Definitely not just you David. As I touched upon in my newsletter
Although I continued my sporadic reflections on space, I failed to find the time and mental space to bring together any extended thoughts and ideas.
Emily Baron Cadloff explains that the reason for our ‘fog’ is that our brains are working so hard in coping with the current crisis.
Nancy Sin, assistant professor of psychology at the University of British Columbia, says that in stressful situations like this, there are physiological responses in our bodies. “Our stress hormones increase. We prepare to fight or flee,” said Sin. And as this pandemic continues and isolation drags on, “we’re having a lot of these physiological adaptations, each time we feel stressed, each time we feel worried. And over time, these repeated hits, physiologically and psychologically, can accumulate.”
That accumulation is called the allostatic load, essentially the damage on our bodies when they’re repeatedly exposed to stress. And while it feels like I’m doing nothing most days, my brain is still dealing with the anxiety and strain of this pandemic. I’m exhausted not because my body is working hard, but because my brain is.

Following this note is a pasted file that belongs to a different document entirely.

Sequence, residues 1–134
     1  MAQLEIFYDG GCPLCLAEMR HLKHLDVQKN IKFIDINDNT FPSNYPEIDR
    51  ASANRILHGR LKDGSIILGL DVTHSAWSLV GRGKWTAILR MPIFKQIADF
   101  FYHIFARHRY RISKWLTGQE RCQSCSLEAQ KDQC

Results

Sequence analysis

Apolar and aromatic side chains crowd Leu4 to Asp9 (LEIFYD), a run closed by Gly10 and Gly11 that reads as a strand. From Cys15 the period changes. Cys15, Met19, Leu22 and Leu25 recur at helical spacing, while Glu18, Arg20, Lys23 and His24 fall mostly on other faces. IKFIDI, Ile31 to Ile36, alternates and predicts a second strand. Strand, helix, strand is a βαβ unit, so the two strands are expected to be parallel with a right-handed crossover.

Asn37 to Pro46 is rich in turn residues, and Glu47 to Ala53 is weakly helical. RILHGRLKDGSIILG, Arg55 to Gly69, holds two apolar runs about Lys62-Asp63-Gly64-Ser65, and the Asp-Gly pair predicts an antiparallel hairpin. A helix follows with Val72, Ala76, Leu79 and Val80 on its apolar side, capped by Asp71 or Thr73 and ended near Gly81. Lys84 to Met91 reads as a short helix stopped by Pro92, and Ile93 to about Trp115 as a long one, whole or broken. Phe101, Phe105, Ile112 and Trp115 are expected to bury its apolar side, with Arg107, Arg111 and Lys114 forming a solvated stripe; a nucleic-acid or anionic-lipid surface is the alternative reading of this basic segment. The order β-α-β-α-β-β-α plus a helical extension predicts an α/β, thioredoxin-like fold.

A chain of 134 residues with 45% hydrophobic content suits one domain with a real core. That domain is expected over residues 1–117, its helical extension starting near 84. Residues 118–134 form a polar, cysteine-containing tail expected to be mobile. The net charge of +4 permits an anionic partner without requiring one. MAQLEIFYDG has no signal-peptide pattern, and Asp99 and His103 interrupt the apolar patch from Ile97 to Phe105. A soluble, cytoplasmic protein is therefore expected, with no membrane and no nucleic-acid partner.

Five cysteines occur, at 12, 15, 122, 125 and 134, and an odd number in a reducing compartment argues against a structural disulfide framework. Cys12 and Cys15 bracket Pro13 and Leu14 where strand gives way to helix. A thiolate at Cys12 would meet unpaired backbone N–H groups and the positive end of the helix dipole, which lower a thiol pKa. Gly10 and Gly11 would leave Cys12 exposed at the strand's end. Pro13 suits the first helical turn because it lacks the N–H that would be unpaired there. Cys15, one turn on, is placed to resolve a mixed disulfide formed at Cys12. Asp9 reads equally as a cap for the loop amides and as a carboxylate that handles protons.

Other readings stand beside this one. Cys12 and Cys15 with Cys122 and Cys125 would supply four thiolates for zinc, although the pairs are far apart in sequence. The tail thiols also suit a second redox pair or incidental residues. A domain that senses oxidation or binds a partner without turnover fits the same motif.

Alternatively, James Hamblin questions whether everyone is depressed?
Feelings of numbness, powerlessness, and hopelessness are now so common as to verge on being considered normal. But what we are seeing is far less likely an actual increase in a disease of the brain than a series of circumstances that is drawing out a similar neurochemical mix. This poses a diagnostic conundrum. Millions of people exhibiting signs of depression now have to discern ennui from temporary grieving from a medical condition. Those at home Googling symptoms need to know when to seek medical care, and when it’s safe to simply try baking more bread. Clinicians, meanwhile, need to decide how best to treat people with new or worsening symptoms: to diagnose millions of people with depression, or to more aggressively treat the social circumstances at the core of so much suffering.
I remember when the idea of social isolation was mooted, people were listing all the things they could do with the extra time and space. The reality has been something vartly different. Instead it is a time to be grateful for health and safety.